By Joan C. McKinney, news and publications coordinator
CAMPBELLSVILLE, Ky. – Clif Cason, director of music ministry at Maxwell Street Presbyterian Church in Lexington, will be the Noontime Organ Series performer at Campbellsville University Tuesday, Nov. 11, at Ransdell Chapel.
Cason, who has served at Maxwell Street Presbyterian for over 20 years, will play organ at the Tuesday Noontime Organ Recital Series which features the 1894 Farrand and Votey pipe organ organ in the chapel, according to Dr. Wesley Roberts, professor of music.
The program will be approximately 30 minutes in length beginning at 12:05 p.m. and ending at 12:35 p.m.
Roberts said the series is designed to “provide an opportunity for those in the community to hear outstanding organists and our prized instrument in short concert programs during their lunch break.”
Cason, a Lexington native, has two degrees in organ performance, a bachelor in music from the University of Kentucky in 1977 and a master in music from the University of Illinois in 1979.
His teachers have included Arnold Blackburn, Richard Dwyer and Jerald Hamilton. Additional organ studies have been with Marie-Claire Alain at the Conservatoire National de Musique de Rueil-Malmison, France, where he was awarded the Premier Prix in 1980, and post-graduate studies with Larry Smith at Indiana University (1988-1989).
Cason has served several churches as choir director and/or organist. Major choral works directed by Cason include Bach cantatas No. 4, Christ lag in Todesbanden, No. 61, Nun komm der Heiden Heiland, No. 106, Gottes Zeit ist die Allerbest Zeit, No. 172, Erschallet, ihr Lieder and the motet Jesu Meine Freude, Britten’s Ceremony of Carols and Rejoice in the Lamb, Dubois’ The Seven Last Words, the Durufle Requiem, Handel’s Messiah, Mozart’s Requiem, the Magnificat by Pergolesi, Pinkham’s Christmas Cantata, Saint-Saens’ Christmas Oratorio, and Schutz’s Christmas Story.
Cason was married in July 1982 to Shari Senft. They have three children, Claire, Bradley and Holly.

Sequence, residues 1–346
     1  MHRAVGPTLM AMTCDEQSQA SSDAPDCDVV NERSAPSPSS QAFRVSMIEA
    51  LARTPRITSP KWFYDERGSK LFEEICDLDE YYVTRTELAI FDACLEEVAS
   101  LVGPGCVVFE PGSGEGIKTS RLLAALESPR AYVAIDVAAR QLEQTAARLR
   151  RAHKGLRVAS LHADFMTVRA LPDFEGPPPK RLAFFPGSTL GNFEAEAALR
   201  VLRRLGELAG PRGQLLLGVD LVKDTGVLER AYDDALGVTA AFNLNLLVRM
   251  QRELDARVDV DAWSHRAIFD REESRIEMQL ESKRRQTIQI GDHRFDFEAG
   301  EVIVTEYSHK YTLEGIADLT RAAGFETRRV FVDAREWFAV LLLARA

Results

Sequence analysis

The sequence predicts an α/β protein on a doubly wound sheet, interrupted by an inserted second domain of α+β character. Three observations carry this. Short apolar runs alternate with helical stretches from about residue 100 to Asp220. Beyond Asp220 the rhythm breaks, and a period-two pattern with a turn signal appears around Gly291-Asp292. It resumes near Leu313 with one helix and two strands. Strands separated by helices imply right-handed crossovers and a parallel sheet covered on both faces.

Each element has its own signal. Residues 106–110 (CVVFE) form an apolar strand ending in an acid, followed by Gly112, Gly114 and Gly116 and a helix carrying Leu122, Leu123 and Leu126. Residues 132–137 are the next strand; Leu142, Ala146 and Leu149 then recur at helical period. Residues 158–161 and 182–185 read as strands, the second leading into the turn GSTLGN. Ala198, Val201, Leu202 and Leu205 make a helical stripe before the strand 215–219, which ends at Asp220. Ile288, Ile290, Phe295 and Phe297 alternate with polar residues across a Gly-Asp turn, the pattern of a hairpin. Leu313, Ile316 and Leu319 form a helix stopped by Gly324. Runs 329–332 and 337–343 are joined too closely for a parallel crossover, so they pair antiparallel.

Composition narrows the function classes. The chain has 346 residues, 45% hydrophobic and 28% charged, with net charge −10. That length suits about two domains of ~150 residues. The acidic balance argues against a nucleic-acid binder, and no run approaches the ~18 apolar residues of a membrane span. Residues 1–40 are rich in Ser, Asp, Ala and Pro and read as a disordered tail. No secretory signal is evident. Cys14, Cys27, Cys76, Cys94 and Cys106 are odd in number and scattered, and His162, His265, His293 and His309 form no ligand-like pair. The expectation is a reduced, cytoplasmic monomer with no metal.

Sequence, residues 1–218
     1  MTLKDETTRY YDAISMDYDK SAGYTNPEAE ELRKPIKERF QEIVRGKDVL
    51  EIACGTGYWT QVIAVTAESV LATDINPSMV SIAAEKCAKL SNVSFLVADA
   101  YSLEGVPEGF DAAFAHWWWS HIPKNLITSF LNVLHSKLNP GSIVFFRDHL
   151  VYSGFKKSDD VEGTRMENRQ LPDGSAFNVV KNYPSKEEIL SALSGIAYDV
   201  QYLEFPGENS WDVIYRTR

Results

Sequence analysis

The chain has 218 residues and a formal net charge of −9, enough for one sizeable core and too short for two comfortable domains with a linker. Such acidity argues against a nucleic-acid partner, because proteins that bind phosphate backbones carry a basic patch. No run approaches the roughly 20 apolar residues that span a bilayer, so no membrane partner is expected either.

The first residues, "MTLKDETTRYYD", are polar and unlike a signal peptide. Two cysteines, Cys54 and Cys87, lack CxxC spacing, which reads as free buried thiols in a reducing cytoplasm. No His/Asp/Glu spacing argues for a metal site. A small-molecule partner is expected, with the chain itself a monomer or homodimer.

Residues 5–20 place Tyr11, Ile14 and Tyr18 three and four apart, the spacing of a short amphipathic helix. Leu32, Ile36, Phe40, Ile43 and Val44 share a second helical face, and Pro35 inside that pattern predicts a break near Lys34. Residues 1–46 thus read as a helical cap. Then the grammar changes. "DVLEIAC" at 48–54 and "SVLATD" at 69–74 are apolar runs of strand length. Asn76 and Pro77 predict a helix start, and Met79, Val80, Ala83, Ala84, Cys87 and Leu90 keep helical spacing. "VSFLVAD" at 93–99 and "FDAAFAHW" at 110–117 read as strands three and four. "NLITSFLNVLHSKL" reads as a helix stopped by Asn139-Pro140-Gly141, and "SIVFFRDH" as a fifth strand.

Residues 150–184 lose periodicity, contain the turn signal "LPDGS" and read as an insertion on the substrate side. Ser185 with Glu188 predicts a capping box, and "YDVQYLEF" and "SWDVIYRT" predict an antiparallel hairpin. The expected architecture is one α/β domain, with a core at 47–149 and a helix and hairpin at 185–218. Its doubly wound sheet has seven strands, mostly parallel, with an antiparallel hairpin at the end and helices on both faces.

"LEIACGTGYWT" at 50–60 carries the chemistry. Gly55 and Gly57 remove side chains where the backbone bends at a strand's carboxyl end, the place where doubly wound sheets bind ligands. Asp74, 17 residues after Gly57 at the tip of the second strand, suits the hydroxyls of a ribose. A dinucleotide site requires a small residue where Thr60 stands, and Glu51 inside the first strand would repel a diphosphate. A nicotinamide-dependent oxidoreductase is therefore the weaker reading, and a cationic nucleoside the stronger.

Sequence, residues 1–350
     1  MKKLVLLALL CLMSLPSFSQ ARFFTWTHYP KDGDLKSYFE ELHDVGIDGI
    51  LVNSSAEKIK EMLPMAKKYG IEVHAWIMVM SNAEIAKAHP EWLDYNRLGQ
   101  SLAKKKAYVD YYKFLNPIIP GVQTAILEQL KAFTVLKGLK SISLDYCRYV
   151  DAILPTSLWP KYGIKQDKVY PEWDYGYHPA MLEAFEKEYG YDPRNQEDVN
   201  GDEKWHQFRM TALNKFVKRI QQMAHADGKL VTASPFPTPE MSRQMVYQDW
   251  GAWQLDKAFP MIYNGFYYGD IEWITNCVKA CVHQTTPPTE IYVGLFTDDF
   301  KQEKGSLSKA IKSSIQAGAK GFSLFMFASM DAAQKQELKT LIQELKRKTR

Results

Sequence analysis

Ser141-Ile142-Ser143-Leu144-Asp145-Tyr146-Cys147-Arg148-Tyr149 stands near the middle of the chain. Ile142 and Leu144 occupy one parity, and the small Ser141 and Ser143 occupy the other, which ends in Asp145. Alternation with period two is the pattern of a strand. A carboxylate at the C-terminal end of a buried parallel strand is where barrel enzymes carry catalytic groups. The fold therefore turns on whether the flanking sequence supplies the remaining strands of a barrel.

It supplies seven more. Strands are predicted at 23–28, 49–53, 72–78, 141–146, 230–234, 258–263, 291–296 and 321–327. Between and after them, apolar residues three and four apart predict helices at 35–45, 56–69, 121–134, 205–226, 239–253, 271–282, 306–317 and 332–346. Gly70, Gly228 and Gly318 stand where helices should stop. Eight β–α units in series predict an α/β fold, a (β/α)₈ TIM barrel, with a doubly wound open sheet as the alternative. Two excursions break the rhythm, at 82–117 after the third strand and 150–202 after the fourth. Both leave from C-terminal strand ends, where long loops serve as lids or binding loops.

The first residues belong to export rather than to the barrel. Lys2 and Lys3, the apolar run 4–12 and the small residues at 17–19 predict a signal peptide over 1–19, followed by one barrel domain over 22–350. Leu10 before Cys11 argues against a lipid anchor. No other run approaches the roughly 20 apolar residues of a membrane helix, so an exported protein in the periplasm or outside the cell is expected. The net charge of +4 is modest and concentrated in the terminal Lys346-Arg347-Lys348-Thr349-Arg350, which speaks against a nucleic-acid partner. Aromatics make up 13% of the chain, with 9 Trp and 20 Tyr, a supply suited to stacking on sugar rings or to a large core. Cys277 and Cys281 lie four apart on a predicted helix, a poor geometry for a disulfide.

In describing the history of the organ, Roberts said the instrument has played a significant historical role in church music and has generally been the leading instrument for congregation singing in recent centuries.
“Our rebuilt and refurbished 1894 Farrand and Votey pipe organ in Ransdell Chapel is a prized possession which was used for over a century in Christ Church Cathedral in Nashville and is now used on campus for chapel service, special events and concerts in Ransdell Chapel,” he said.
It is a 51-rank, three-manual instrument with over 3,000 pipes. It was installed at Campbellsville University in early 2007 in time for the dedication of the Ransdell Chapel April 18, 2007.
The organ was formally dedicated in a recital by Nevalyn Moore, assistant professor of music at CU, who retired in May.
Each organ recital is open to the public at no charge.
For more information, contact the School of Music at (270) 789-5237 or email@example.com.
Campbellsville University is a private, comprehensive institution located in South Central Kentucky. Founded in 1906, Campbellsville University is affiliated with the Kentucky Baptist Convention and has an enrollment of 2,601 students who represent 93 Kentucky counties, 27 states and 31 foreign nations. Listed in U.S.News & World Report’s 2009 “America’s Best Colleges,” CU is ranked 22nd in “Best Baccalaureate Colleges” in the South for the second consecutive year. CU has been ranked 16 consecutive years with U.S.News & World Report. The university has also been named to America’s Best Christian Colleges®. Campbellsville University is located 82 miles southwest of Lexington, Ky., and 80 miles southeast of Louisville, Ky. Dr. Michael V. Carter is in his tenth year as president.